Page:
While Austria and Spain both spent about 15 percent of GDP on social welfare other than pensions, Austria achieved a 55 percent poverty reduction while Spain managed only 28 percent.
Countries like Italy and Poland that spend a higher share of their social budget on pensions tend to be less effective in alleviating poverty because the working-age population most severely hit by the crisis is less well covered, Andor said.
But welfare systems breed their own interest groups and are fiendishly hard to transform.
Political leaders are fretting about the affordability of the European social model in an era of high public debt, low growth and ageing populations.
“If Europe today accounts for just over 7 per cent of the world’s population, produces around 25 per cent of global GDP and has to finance 50 per cent of global social spending, then it’s obvious that it will have to work very hard to maintain its prosperity and way of life,” German Chancellor Angela Merkel said in an interview with the Financial Times last December.
Social spending as a proportion of output is now at least 6 percent higher than in 2007 on average in the 34 countries of the Organisation for Economic Cooperation and Development, a club of industrialised democracies of which 21 are EU members.
Moreover, ageing populations are set to drive up the costs of pensions and healthcare in coming years, the OECD said.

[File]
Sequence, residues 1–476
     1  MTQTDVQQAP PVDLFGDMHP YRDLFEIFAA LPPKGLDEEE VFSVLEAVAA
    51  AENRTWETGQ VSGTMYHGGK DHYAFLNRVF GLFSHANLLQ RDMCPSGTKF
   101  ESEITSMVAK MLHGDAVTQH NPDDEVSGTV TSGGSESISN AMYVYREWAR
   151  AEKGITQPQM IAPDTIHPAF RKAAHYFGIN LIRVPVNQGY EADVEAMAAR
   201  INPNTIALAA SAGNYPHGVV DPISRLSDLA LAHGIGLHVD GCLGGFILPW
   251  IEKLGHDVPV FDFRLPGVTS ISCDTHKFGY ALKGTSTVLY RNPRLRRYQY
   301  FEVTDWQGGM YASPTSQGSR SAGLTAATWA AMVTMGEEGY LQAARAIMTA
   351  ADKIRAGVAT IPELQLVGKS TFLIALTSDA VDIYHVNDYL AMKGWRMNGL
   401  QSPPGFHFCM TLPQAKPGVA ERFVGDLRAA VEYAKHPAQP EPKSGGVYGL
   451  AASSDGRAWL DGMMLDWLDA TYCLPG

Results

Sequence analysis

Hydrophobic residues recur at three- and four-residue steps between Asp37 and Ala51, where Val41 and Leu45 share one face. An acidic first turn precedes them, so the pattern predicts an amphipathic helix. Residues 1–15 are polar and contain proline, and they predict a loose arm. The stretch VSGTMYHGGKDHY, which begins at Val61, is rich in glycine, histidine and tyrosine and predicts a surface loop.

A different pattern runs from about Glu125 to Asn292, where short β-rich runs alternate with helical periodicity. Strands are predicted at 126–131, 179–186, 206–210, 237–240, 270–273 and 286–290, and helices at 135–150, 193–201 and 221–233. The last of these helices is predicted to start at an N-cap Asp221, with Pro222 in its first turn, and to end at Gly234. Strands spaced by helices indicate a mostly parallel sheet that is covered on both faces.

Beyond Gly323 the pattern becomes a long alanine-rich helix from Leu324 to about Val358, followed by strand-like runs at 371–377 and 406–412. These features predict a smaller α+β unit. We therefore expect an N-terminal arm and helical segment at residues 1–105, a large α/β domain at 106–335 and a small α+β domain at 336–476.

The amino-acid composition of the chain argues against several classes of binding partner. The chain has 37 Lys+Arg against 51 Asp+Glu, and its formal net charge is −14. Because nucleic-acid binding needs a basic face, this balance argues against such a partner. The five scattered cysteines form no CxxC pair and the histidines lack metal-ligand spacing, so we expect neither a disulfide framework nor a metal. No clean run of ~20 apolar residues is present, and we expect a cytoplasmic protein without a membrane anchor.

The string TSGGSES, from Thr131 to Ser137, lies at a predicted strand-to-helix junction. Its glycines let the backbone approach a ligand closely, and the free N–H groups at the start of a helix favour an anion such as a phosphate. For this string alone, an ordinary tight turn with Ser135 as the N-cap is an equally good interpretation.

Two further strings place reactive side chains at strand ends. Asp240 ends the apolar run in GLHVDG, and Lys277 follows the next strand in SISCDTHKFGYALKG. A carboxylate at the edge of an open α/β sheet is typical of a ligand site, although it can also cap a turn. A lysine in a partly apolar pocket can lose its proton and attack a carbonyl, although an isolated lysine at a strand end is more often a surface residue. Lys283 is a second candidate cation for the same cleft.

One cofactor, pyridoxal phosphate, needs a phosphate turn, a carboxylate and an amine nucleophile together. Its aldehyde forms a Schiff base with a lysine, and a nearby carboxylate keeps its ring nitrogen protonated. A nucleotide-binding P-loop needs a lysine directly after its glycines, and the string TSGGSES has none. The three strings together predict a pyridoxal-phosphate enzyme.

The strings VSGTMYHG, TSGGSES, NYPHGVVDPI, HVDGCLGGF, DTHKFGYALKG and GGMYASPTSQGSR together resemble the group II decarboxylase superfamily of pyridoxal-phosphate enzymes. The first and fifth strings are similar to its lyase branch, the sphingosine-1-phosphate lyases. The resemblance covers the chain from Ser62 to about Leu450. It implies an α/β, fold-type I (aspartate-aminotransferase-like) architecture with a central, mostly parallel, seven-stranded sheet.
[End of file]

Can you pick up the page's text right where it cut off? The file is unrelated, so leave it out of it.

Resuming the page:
The majority of EU governments have used the crisis as a reason to raise the retirement age, bringing it more into line with increasing life expectancy, said Willem Adema, an OECD expert on employment, labour and social affairs.
Social scientists distinguish three broad welfare models: Nordic, continental European and Anglo-Saxon.
Nordic countries offer a high level of “cradle to grave” welfare with an emphasis on pre-school childcare and education, designed to keep women and older people in the labour market.
The continental European model features contributory social insurance systems that offer strong protection to “insiders” with protected jobs, while continuing to regulate employment and the labour market.
The Anglo-Saxon model tends to make welfare payments smaller and more selective and encourages private provision of healthcare, education and pensions for the better-off.